Dry food has the advantage of being more affordable and less messy when feeding and cleaning up after your puppy at mealtimes. It also has a longer shelf life than wet food (be sure to check the date on the label before buying). According to PetMD, dry food has been found in some cases to help maintain dental health in dogs (in accordance with regular teeth cleanings and dental chews). Keep in mind that dry food tends to have a higher carbohydrate content than wet and, especially for small breed puppies, kibbles can be harder to chew (unless they are sized appropriately).
According to the Clinical Nutrition Service (part of Cummings Veterinary Medical Center at Tufts University), wet food can be easier for dogs to chew and swallow and is also a good option for picky eaters. Canned food also has higher water content, which can be beneficial for doggos with certain health considerations. Fat and protein are more prevalent in wet food, so this may be a good option if your puppy requires a higher protein diet, but not a good choice for puppies who need to watch their fat consumption.
When used occasionally or at the recommendation of your vet, with wet puppy food can be a great supplement to dry puppy food.
Dry Food for Puppies: To Grain or Not to Grain
As mentioned above, grain-free is another potential type of puppy food to consider. Some owners prefer grain-free as it is closer to the traditionally carnivorous Canis genus diet and can be easier on a dog’s digestive system, especially if your dog has grain allergies or sensitivities.
However, grain-free diets have been potentially linked to heart issues in canines by the FDA, so it’s best to check with your veterinarian before switching or starting your dog on one. Single, whole-grain dog food is another potential option and it is exactly what it sounds like: dog food made with a single whole grain (as opposed to a compound of different grains).
Best Dry Food for Puppies
Now that you’ve learned a little more about dog food and what ingredients are best for your puppy, here are some great dry food options available for purchase.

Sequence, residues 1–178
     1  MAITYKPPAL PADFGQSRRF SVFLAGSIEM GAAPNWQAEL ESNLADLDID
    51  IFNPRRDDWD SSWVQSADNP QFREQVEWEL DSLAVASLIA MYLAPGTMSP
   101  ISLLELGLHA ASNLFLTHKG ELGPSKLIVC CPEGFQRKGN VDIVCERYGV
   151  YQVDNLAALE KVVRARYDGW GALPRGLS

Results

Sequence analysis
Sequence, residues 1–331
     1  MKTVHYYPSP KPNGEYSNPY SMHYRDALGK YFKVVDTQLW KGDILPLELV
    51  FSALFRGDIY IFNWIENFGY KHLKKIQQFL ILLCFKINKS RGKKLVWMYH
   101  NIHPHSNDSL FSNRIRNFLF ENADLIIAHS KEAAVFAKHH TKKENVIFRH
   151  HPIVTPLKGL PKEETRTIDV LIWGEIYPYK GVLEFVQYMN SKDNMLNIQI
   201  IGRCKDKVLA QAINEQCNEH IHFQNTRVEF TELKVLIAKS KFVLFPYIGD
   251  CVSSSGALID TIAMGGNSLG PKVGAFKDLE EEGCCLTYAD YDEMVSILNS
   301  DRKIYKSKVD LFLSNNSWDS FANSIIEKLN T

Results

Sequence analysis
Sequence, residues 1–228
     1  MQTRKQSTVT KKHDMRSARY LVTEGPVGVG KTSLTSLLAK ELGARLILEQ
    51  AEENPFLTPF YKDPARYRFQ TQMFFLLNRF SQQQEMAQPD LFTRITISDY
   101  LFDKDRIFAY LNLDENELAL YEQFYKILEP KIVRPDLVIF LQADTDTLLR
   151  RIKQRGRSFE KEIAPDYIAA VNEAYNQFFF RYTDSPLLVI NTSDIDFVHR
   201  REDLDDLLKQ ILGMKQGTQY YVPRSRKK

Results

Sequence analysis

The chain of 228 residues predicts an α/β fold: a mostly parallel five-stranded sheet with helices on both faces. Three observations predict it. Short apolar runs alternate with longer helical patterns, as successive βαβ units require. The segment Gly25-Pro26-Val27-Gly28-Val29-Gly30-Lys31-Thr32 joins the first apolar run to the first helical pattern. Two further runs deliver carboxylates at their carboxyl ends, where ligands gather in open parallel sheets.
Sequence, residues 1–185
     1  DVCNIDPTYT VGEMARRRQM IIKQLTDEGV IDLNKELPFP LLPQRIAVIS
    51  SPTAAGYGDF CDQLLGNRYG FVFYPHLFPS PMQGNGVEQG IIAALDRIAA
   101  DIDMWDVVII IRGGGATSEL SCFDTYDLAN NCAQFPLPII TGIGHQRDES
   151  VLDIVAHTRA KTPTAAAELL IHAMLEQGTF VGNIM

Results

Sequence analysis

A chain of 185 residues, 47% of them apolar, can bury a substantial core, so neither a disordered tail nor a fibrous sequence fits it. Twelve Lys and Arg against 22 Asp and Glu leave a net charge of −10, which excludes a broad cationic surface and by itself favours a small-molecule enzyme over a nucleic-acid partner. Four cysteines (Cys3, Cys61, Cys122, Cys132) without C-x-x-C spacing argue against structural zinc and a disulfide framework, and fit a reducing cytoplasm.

Blue Buffalo’s Chicken and Brown Rice Life Protection Formula leads its ingredients’ list with deboned chicken.
This formula also contains wholesome grains, fruits, vegetables, and key fatty acids such as DHA and ARA that are found in mother’s milk and are important for cognitive and retinal development. No byproducts, artificial colors, flavors, or preservatives in this bag!
Certified organic and made in the USA, Castor & Pollux’s grain-free puppy recipe contains free-range chicken as its first ingredient.
Packed with nutrient-dense ingredients such as organic blueberries, sweet potatoes, and flaxseed, this recipe is for puppies of different breed sizes and is free of corn, soy, and gluten.
Made with small breed pups in mind, smaller kibble size is just right for their tinier mouths.
Wellness is known for its quality ingredients and lack of byproducts, fillers, and artificial flavors in its pet food formulas. Deboned turkey, chicken meal, oatmeal, and salmon meal are among its top ingredients.
Free of peas, lentils, and potatoes, Merrick’s Puppy Recipe leads with deboned chicken, but also includes a blend of whole and ancient grains for all around puppy nutrition.
Packed with omega-3 and -6 fatty acids, this formula is free of the things you don’t want in your puppy’s food such as gluten, preservatives, wheat, and soy.
Formulated with safe levels of calcium for growing large breed puppies, this dry food also contains glucosamine and chondroitin for large puppy’s joint health.
Chicken Soup’s classic recipe contains chicken and turkey as its top two ingredients. Made in the USA, this recipe contains zero corn, soy, or wheat.
Family owned Taste of the Wild’s recipe is for pups who favor fish (or may be allergic to other proteins). Sustainably sourced salmon and ocean fish meal are the leading ingredients in this formula that is free of eggs for doggos with allergies.
Antioxidants and probiotics help keep puppy’s immune and digestive systems healthy.
For puppies of the small breed variety, farm-raised chicken is the top protein in this made in the USA brand’s ingredient list. You’ll also find whole grains, sweet potatoes, and dried beet pulp—along with vitamins and minerals—to give tiny, furry friends a well-balanced diet.
Talk to Your Vet Before Choosing Any New Food for Your Dog
We’ve selected some great dry food options for your puppy. But before introducing any new foods into your dog’s diet, we suggest consulting with your vet. Your veterinarian can help you understand any health issues your puppy may be experiencing, and can recommend dog food that’s going to best support his specific health needs.
Learn more about caring for your puppy in the articles below.